11.1.4  Conditional Probabilities and Independence
11.1.4  Conditional Probabilities and IndependenceIn Lesson 2 you were introduced to conditional probabilities and independent events. These definitions are reviewed below along with some examples.
Recall that if events A and B are independent then \(P(A) = P(A \mid B)\). In other words, whether or not event B occurs does not change the probability of event A occurring.
 Conditional Probability

The probability of one event occurring given that it is known that a second event has occurred. This is communicated using the symbol \(\mid\) which is read as "given."
For example, \(P(A\mid B)\) is read as "Probability of A given B."
 Independent Events
 Unrelated events. The outcome of one event does not impact the outcome of the other event.
Example: Queens & Hearts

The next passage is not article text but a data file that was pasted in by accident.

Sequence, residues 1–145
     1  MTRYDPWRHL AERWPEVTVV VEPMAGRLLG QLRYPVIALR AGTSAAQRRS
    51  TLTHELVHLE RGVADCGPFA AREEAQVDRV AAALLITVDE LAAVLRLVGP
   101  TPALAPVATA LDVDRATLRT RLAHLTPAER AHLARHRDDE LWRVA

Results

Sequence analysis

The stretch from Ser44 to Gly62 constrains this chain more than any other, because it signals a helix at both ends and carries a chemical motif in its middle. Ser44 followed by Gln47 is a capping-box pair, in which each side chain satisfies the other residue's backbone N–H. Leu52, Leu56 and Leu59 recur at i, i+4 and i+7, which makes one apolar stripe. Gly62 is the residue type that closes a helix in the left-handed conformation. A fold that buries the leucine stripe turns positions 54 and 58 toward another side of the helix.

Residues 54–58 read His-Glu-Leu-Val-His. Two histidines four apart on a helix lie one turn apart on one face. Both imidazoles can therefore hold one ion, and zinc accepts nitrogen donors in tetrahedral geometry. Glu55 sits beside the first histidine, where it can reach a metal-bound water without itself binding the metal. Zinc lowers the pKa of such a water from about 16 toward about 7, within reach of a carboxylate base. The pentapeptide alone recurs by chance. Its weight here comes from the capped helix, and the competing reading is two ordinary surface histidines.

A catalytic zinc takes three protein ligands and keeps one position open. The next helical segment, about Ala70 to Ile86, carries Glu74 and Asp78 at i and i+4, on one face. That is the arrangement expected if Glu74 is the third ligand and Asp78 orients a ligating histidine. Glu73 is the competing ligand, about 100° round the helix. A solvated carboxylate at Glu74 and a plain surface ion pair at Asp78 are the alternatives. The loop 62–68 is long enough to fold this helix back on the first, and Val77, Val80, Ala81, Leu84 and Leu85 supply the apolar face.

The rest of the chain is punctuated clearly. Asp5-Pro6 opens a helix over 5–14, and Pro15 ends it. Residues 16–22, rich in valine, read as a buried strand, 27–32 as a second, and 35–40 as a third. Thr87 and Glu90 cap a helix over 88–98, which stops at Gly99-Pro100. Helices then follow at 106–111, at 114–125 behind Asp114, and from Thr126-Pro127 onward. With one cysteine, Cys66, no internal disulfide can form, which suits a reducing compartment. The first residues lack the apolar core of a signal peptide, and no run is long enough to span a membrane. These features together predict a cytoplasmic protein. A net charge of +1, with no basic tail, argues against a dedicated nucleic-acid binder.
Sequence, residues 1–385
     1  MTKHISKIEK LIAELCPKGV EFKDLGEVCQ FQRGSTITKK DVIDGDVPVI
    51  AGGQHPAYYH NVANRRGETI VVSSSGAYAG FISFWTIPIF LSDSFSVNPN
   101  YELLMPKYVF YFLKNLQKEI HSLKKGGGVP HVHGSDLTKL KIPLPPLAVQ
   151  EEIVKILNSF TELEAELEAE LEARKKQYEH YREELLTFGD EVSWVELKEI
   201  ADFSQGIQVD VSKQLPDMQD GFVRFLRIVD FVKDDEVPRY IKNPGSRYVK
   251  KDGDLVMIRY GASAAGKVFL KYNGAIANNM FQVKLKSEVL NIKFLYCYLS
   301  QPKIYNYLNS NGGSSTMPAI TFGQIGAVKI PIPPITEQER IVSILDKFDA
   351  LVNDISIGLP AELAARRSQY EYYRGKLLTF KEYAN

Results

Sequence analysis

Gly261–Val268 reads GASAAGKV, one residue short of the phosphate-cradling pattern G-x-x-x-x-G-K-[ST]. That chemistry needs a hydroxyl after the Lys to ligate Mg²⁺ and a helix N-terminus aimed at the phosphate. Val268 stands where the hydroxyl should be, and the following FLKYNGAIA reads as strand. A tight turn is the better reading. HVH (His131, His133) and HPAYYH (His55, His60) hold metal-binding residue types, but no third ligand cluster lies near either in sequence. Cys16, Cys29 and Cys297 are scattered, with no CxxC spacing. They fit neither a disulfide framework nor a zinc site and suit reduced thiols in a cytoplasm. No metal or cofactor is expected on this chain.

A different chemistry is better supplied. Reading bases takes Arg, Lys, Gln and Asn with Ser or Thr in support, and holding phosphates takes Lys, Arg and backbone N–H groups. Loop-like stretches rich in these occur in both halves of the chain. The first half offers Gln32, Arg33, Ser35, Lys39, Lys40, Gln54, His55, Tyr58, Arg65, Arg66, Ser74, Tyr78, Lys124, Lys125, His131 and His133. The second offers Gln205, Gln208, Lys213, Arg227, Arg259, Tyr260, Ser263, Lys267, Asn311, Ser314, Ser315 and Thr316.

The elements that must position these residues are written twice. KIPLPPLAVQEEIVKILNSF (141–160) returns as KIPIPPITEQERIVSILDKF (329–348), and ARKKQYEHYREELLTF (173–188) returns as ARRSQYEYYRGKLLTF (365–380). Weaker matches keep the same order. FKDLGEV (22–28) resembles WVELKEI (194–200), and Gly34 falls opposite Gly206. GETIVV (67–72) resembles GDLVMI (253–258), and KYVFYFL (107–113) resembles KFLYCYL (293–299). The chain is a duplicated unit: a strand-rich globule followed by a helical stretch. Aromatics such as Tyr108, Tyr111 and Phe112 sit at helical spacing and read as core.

If a card is randomly drawn from a standard 52card deck, the probability of the card being a queen is independent from the probability of the card being a heart. If I tell you that a randomly selected card is a queen, that does not change the likelihood of it being a heart, diamond, club, or spade.
Using a conditional probability to prove this:
\(P(Queen) = \dfrac{4}{52}=0.077\)
\(P(Queen \mid Heart) = \dfrac {1}{13} = 0.077\)
Example: Gender and Pass Rate
Data concerning two categorical variables can be displayed in a contingency table.
Pass  Did Not Pass  Total  
Men  6  9  15 
Women  10  15  25 
Total  16  24  40 
If gender and passing are independent, then the probability of passing will not change if a case's gender is known. This could be written as \(P(Pass) = P(Pass \mid Man)\).
\(P(Pass) = \dfrac{16}{40} = 0.4\)
\(P(Pass \mid Man) = \dfrac{6}{15}=0.4\)
In this sample, gender and passing are independent.